Ahhh that was pretty nice no? That inch plus did more than wash 7 months of dust off of all the trails. It marks the onset of what I like to call Sprall, a major wave of rebirth brought on by cooler nights and a nice dash of H2O. Dozens of species which have been dormant for months or more come bursting forth with youthful impudence, brightening up every perambulation.
Here’s a checklist, first to find them all wins a gently used toaster oven, toast included.
These shrubs lost their foliage months ago, check the nodes and watch them swell.
Local ribes species have been bare the longest:
Nightshade is one of the earliest bloomers, you may see them in December:
Poison oak is very sneaky with no leaves, that will be changing soon:
Elderberry drops everything pretty quickly by the end of August, so just a few months in the nude:
My heart-leaf penstemon started coming back as soon as the nights cooled:
Did you know that both black and purple sage have two sets of leaves? The skinny moisture-retaining leaves are dropping (or have dropped) and the fat lush leaves will replace them.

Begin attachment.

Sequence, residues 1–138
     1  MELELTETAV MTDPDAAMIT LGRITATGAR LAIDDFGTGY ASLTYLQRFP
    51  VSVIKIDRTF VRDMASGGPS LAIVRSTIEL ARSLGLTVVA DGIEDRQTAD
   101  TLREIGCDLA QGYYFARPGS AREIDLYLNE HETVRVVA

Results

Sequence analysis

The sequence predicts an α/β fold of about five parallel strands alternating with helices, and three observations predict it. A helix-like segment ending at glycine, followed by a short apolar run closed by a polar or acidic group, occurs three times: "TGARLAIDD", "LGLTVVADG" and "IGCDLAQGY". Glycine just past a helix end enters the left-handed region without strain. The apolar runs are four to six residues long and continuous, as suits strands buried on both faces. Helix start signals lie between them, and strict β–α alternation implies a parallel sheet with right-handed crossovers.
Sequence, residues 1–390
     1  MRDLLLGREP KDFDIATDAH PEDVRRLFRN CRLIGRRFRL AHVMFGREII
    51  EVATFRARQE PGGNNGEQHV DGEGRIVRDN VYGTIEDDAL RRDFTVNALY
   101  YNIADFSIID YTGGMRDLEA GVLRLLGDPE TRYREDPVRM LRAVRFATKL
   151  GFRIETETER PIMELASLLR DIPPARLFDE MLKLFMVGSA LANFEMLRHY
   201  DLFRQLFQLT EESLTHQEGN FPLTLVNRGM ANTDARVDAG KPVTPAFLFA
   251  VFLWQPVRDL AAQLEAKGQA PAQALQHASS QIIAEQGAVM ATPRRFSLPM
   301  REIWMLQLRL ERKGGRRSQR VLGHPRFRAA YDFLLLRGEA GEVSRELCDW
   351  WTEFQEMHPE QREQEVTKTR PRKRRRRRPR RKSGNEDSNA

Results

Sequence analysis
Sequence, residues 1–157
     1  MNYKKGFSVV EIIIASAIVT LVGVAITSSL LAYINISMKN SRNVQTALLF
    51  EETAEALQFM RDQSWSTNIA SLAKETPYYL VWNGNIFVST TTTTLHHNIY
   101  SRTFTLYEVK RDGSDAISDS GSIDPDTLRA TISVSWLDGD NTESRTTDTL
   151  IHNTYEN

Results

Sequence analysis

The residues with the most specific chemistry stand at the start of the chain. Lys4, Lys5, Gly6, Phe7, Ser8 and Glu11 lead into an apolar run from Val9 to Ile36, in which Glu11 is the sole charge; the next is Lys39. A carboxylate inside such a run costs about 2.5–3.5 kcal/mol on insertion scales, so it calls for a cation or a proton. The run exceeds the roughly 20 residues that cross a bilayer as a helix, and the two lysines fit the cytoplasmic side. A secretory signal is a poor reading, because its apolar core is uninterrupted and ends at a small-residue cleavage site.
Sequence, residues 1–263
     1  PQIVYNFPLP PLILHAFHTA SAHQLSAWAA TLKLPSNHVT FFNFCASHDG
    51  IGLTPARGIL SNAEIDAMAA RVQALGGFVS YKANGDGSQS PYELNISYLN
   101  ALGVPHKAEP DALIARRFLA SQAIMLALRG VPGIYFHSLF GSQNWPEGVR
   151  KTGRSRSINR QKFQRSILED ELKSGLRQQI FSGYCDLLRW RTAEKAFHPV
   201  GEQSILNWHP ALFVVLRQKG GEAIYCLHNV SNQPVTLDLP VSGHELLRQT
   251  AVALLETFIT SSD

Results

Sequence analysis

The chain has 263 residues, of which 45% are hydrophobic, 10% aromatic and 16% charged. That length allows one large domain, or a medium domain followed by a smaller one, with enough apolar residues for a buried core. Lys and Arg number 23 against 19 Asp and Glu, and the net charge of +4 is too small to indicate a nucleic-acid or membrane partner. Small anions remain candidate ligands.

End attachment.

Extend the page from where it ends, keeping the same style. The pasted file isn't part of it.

I always consider California sagebrush to be the last official bloom of the calendar year. The fall rains wake the shaggy beast and give the flower stalks inertia to emerge.
Keep your eyes on the ground for the first shoots of wild cucumber
The rejuvenation of all the hummingbird sage
And California peony.
Finally, Refugio Manzanita, a rare neighbor from the north is already starting to bloom in my yard, a welcome treat for hungry hummers:
Happy hunting Ramblerinos.